The Defence of Sudden or Extraordinary Emergency
The defence of emergency usually applies to cases where people fear that they or someone else will be killed or seriously injured if they do not do an act that would otherwise be a criminal offence. It is a difficult threshold to meet and will rarely succeed.
Section 41 of the Criminal Code 2002 provides that a person is not criminally responsible for an offence if the person carries out the conduct required for the offence in response to circumstances of sudden or extraordinary emergency.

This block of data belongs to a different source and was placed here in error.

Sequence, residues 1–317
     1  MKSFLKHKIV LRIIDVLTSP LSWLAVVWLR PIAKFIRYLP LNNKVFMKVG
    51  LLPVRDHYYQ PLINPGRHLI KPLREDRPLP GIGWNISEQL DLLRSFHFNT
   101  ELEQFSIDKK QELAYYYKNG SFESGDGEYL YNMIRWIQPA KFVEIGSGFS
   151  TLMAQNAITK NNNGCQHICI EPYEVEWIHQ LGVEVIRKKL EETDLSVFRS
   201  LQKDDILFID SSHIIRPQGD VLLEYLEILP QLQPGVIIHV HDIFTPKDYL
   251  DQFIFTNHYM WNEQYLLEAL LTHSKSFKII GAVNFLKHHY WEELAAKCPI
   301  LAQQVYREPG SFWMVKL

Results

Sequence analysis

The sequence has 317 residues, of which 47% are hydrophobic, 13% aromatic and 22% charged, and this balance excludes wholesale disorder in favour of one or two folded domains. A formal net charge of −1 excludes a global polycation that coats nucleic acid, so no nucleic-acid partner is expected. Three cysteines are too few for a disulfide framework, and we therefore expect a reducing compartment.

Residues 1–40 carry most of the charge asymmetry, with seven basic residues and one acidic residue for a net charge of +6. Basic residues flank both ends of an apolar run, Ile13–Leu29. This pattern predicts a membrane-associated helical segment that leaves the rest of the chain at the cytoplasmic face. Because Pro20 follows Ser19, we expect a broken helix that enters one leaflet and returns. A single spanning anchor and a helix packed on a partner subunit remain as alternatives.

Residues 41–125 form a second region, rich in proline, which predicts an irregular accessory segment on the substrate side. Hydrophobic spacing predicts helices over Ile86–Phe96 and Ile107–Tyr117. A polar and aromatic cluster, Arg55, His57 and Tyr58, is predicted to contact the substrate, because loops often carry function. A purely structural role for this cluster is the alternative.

This section applies only if the person reasonably believes that:
- circumstances of sudden or extraordinary emergency exist; and
- committing the offence is the only reasonable way to deal with the emergency; and
- the conduct is a reasonable response to the emergency.
Section 10.3 of the Commonwealth Criminal Code provides for the defence in the same terms.
It should be noted that neither Code defines emergency.
Burden of proof
The accused must provide evidence that raises the defence. The prosecution must negative the defence beyond a reasonable doubt.
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